Please use this identifier to cite or link to this item: https://doi.org/10.1016/j.ijimpeng.2008.01.001
DC FieldValue
dc.titleElastic stress transmission in cellular systems-Analysis of wave propagation
dc.contributor.authorShim, V.P.W.
dc.contributor.authorGuo, Y.B.
dc.contributor.authorLan, R.
dc.date.accessioned2014-06-17T06:19:35Z
dc.date.available2014-06-17T06:19:35Z
dc.date.issued2008-08
dc.identifier.citationShim, V.P.W., Guo, Y.B., Lan, R. (2008-08). Elastic stress transmission in cellular systems-Analysis of wave propagation. International Journal of Impact Engineering 35 (8) : 845-869. ScholarBank@NUS Repository. https://doi.org/10.1016/j.ijimpeng.2008.01.001
dc.identifier.issn0734743X
dc.identifier.urihttp://scholarbank.nus.edu.sg/handle/10635/60132
dc.description.abstractA closely packed array of thin-walled rings constitutes an idealisation of a cellular structure. Elastic waves propagating through such structures must do so via the ring (cell) walls. A theoretical investigation into the propagation of elastic stresses in thin-walled circular rings is undertaken to examine the nature of wave transmission. Three modes of motion, corresponding to shear, extensional and flexural waves, are established and their respective velocities defined by a cubic characteristic equation. The results show that all three waves are dispersive. By neglecting extension of the centroidal axis and rotary inertia, explicit approximate solutions can be obtained for flexural waves. Employment of Love's approach for extensional waves [Love AEH. A treatise on the mathematical theory of elasticity, 4th ed. New York: Dover Publications; 1944. p. 452-3] enables approximate solutions for shear waves to be derived. The three resulting approximate solutions exhibit good agreement with the exact solutions of the characteristic equation over a wide range of wavelengths. The effects of material property, ring wall thickness and ring diameter on the three wave modes are discussed, and the results point to flexural waves as the dominant means of elastic energy transmission in such cellular structures. Wave velocities corresponding to different frequency components determined from experimental results are compared with theoretical predictions of group velocity for flexural waves and good correlation between experimental data and theory affirms this conclusion. © 2008 Elsevier Ltd. All rights reserved.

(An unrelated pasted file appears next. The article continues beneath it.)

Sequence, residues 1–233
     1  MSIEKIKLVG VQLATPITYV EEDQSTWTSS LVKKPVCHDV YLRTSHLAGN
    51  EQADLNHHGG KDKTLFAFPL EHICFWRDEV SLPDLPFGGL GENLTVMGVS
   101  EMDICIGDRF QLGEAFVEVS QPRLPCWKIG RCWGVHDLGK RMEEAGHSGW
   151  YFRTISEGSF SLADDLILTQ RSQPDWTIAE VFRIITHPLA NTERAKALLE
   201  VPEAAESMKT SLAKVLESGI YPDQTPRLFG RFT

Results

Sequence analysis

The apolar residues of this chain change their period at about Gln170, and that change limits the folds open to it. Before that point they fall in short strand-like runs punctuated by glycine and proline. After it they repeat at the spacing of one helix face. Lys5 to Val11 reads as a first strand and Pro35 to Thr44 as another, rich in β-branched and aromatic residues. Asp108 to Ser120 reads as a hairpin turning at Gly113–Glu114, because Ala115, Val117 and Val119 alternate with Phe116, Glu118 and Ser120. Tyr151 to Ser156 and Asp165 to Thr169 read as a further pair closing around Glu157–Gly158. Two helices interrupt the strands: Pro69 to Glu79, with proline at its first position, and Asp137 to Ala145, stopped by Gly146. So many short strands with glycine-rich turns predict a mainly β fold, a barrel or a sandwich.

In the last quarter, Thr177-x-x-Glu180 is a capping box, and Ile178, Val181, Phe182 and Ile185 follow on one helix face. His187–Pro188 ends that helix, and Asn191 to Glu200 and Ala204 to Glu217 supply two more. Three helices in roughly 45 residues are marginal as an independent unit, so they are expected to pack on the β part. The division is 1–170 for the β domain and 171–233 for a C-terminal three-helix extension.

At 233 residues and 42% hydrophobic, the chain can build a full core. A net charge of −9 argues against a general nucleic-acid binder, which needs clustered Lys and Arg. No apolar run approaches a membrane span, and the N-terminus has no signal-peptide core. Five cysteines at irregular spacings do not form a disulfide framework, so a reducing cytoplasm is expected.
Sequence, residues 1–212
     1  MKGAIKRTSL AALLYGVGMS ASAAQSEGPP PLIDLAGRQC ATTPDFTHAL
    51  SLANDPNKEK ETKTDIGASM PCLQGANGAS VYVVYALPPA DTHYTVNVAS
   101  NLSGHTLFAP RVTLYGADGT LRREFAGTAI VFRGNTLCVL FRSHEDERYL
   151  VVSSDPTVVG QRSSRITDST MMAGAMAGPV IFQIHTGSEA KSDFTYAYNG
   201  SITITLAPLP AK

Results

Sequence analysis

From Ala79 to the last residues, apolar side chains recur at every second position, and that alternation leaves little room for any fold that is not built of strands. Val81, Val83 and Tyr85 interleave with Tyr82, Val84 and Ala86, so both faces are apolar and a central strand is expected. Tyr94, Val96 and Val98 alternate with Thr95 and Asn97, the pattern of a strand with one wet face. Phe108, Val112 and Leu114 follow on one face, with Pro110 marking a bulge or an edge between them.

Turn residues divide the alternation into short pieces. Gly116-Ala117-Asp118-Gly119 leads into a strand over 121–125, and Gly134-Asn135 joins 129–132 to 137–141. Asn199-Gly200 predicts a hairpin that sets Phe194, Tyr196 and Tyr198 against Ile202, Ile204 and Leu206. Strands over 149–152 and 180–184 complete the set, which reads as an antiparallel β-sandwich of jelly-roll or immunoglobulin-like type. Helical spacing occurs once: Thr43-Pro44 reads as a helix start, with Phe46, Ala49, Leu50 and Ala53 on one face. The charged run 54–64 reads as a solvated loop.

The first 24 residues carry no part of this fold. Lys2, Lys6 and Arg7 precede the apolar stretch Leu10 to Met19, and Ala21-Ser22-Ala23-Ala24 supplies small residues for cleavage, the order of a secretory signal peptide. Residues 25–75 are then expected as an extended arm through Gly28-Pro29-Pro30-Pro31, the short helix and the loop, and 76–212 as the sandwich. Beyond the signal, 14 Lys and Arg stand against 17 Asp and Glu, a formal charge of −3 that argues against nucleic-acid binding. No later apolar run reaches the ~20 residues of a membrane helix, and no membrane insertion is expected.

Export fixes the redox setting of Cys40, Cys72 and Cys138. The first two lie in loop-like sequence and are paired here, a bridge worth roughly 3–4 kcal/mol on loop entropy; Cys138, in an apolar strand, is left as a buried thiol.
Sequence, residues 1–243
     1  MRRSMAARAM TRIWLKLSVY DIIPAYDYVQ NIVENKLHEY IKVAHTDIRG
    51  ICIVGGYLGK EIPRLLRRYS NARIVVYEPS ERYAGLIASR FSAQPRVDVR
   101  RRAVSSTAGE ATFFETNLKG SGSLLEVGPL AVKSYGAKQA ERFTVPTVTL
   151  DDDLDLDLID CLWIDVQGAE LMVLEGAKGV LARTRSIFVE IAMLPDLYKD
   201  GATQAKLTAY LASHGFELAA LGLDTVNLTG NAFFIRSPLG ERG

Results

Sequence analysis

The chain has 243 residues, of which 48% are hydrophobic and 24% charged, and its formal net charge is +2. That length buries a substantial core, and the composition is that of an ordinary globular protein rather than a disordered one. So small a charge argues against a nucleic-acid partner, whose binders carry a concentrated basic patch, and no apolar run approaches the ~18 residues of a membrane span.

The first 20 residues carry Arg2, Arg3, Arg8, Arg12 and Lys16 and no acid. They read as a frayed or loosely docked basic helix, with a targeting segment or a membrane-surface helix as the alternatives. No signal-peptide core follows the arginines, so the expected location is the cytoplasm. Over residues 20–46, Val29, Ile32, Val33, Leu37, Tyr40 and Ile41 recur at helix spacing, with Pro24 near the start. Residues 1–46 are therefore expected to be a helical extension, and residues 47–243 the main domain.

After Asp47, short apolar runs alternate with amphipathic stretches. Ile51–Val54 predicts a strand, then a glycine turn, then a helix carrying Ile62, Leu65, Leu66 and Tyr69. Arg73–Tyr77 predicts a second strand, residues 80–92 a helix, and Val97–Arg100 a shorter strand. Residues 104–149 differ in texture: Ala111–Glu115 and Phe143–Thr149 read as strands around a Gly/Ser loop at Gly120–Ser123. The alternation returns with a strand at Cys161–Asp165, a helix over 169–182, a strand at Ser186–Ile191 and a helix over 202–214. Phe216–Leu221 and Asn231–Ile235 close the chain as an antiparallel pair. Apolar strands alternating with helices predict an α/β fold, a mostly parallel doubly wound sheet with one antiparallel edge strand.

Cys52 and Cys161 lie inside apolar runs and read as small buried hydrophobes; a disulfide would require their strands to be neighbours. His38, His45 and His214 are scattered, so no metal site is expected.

dc.description.urihttp://libproxy1.nus.edu.sg/login?url=http://dx.doi.org/10.1016/j.ijimpeng.2008.01.001
dc.sourceScopus
dc.subjectCellular structures
dc.subjectDispersion
dc.subjectElastic wave propagation
dc.subjectFlexural waves
dc.typeArticle
dc.contributor.departmentMECHANICAL ENGINEERING
dc.description.doi10.1016/j.ijimpeng.2008.01.001
dc.description.sourcetitleInternational Journal of Impact Engineering
dc.description.volume35
dc.description.issue8
dc.description.page845-869
dc.description.codenIJIED
dc.identifier.isiut000257000100018
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